Eye on the Amazon

Why We Rise and Resist for the Amazon

  • Photo credit: Amazon Watch
  • Photo credit: Joke Baert
  • Photo credit: Amazon Watch
  • Photo credit: Amazon Watch
  • Photo credit: Amazon Watch
  • Photo credit: Amazon Watch
  • Photo credit: Amazon Watch
  • Photo credit: Amazon Watch
  • Photo credit: Amazon Watch
  • Photo credit: Amazon Watch
  • Photo credit: Amazon Watch
  • Photo credit: Amazon Watch
  • Photo credit: Amazon Watch
  • Photo credit: Amazon Watch

Just a few weeks ago, I was in deep in the Amazon visiting our indigenous partners the Sápara and the Kichwa of Sarayaku with a small group of Amazon Watch supporters. Following the troubling start to the new year, it was just what I needed to disconnect from the daily shocks of our political reality and to reconnect to the forces of nature and our partners. I am so grateful for this opportunity and want to share some of my reflections with you on why we rise and resist for the Amazon.

Our first stop was Naku, a newly renovated healing center in the Llanchama community deep in Sápara territory. Imagine waking up to the sounds of hundreds of parrots and oropendolas, participating in healing plant ceremonies and bathing in the river all before breakfast. Imagine taking time to reflect on and share your dreams. Imagine walking through the forest with Manari Ushigua, our friend and the President of the Sápara Nation of Ecuador, who has led his people's defense of their land and culture from oil drilling, as he explains the uses and properties of countless tropical plants – like mini forest coconuts, cat's claw, tropical cedar and bromeliads – used as food sources, healing medicines, in construction and for ornamental beauty.

After a few days in Sápara territory, we traveled to the Kichwa territory of Sarayaku. As soon as our small AeroSarayaku plane touched the landing strip, groups of women and children came out to greet us. The men had already gone hunting in preparation for Uyantza, Sarayaku's biannual festival of abundance. The women were in the midst of preparing copious amounts of chicha, the fermented drink made of manioc that is an essential staple of the Amazonian diet. When they finished, the women gathered and celebrated their work, talking and laughing into the night. The laughter was contagious!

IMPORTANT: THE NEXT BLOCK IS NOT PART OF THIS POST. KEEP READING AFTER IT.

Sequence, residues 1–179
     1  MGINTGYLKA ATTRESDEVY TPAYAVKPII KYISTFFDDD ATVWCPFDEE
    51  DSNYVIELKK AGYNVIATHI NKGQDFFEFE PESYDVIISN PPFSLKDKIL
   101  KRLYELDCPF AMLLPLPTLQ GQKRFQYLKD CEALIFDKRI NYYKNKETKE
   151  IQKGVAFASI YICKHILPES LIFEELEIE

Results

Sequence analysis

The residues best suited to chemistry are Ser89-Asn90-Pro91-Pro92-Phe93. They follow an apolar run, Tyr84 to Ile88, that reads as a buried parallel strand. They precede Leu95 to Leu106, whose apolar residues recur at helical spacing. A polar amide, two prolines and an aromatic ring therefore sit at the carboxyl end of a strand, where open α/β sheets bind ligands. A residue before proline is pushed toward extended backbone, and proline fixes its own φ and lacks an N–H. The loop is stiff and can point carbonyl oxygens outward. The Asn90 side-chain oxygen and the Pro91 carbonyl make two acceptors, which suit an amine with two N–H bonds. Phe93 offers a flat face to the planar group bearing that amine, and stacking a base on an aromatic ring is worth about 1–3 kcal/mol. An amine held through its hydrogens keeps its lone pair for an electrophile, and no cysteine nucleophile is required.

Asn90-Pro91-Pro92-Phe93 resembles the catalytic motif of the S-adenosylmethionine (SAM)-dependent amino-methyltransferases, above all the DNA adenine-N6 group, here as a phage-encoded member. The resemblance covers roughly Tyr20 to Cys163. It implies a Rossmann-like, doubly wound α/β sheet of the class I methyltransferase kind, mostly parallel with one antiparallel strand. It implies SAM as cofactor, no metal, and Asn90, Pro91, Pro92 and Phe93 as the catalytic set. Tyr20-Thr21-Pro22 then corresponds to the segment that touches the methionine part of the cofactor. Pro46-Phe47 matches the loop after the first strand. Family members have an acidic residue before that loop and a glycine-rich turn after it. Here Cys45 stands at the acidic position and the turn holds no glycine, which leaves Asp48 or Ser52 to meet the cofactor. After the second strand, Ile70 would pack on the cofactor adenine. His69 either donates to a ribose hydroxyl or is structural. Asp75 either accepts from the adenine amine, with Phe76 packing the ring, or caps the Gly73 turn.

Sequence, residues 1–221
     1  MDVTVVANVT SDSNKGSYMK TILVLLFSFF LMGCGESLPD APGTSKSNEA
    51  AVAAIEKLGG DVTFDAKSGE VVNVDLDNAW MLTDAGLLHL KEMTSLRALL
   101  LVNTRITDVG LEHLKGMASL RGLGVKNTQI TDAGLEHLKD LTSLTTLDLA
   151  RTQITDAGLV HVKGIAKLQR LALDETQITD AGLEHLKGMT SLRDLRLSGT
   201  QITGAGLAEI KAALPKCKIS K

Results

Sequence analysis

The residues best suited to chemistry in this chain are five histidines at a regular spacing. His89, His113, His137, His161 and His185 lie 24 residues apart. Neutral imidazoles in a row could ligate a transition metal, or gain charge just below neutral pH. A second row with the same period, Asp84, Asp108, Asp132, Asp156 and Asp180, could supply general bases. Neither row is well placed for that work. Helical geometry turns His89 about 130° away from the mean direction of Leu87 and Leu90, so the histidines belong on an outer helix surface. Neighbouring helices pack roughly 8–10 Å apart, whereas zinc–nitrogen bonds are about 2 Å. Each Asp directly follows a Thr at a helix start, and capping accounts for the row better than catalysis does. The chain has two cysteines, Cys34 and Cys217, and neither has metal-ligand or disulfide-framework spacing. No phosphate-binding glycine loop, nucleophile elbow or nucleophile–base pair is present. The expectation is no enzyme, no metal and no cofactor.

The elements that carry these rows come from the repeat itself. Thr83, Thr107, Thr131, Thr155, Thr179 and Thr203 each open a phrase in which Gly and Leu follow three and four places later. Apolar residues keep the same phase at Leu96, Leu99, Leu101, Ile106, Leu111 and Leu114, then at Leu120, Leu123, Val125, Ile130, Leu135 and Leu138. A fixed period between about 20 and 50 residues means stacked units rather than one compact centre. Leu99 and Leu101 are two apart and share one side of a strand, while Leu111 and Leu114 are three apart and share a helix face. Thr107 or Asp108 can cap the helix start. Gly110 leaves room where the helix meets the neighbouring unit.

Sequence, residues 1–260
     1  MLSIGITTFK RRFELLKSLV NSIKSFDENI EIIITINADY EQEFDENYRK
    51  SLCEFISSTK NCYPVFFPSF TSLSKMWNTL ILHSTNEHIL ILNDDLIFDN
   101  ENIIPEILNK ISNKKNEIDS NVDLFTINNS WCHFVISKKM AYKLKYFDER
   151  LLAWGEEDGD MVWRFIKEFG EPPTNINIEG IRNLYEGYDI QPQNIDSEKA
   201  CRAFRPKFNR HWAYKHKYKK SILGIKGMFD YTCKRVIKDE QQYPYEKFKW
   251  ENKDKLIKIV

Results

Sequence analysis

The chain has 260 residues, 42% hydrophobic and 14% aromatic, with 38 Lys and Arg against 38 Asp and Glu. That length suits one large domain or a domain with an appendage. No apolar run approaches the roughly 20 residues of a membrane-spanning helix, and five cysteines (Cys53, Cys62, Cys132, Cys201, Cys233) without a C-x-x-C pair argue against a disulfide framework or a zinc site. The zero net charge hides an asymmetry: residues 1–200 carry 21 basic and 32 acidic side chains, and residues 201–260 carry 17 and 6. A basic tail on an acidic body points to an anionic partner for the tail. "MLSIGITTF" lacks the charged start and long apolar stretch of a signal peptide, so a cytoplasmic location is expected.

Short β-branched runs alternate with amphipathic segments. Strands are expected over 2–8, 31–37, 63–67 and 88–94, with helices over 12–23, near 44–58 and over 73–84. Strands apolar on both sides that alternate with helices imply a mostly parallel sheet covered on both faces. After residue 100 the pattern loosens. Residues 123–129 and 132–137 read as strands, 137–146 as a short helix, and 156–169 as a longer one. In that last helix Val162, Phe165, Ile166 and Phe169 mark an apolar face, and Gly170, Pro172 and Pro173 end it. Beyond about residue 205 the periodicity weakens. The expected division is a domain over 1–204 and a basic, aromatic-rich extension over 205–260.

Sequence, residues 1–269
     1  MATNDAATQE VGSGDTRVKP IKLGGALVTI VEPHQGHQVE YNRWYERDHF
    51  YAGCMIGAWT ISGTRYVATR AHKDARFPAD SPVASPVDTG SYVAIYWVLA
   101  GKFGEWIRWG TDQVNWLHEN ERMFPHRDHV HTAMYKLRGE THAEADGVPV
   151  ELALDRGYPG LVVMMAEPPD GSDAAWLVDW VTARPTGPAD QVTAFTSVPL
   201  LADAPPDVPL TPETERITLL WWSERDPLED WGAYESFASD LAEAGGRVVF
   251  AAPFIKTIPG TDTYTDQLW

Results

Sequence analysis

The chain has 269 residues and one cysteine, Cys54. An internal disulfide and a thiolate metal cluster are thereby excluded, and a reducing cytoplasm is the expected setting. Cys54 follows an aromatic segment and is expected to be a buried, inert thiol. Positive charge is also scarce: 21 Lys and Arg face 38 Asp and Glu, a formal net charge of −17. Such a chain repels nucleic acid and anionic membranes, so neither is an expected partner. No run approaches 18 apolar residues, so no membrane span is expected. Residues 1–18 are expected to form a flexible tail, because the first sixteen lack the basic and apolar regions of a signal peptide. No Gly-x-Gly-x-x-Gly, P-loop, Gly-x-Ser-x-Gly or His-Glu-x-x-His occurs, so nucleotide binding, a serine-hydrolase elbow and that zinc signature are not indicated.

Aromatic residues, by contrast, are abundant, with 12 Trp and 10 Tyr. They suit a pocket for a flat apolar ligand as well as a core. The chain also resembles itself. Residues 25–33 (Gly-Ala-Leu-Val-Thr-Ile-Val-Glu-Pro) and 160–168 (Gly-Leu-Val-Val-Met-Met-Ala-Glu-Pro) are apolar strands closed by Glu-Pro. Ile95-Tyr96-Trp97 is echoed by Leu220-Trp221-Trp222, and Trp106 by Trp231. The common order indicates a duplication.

Over the next few days, being in Sarayaku was like living in a matrilineal society. As the men were in the forest, the women also prepared for Uyantza. They gathered manioc; prepared chicha; made and decorated pottery; dyed their hair with "huito," the cooked seed from which the blue/black dye comes; intricately decorated their faces; and gathered flowers. It was so beautiful and calm – the perfect place to wake up before sunrise to sit around the fire, drink guayusa tea and talk to friends and elders about life and politics in Sarayaku and beyond.

One evening after a journey on the Bobonaza River to visit a giant Kapok tree (a giant canopy tree that the Kichwa believe is a house of spirits and duendes), I asked Patricia Gualinga, a dear friend and the international representative for the governing council of Sarayaku, to speak with us about Sarayaku's Living Forests. She reminded us that the Kawsak Sacha – the Kichwa term – are vital sacred spaces and territories for the forest spirits and beings. This sacred forest is specifically designated in this way to support the energy, health and life of the indigenous peoples that inhabit the forest. Regular people do not live in the Living Forest, however.

"Only very pure people, like shamans, can go there to be in contact with the spirits and forest beings of trees, rivers, lakes and mountains," she explained. "People like us live in community, or Runa Kawsay. This is where families live, where we practice daily life, where we ensure food sovereignty and implement our self-government. In Sumak Allpa, or "healthy land," we protect, conserve and enjoy our clean and healthy forest. This is where we go deep into the forest on vacation." she said. "In Sacha Runa Yachay, Amazonian cultural and spiritual practices are practiced and embodied including the importance of maintaining ecological balance in order for the spirits and beings of the Living Forest to continue existing."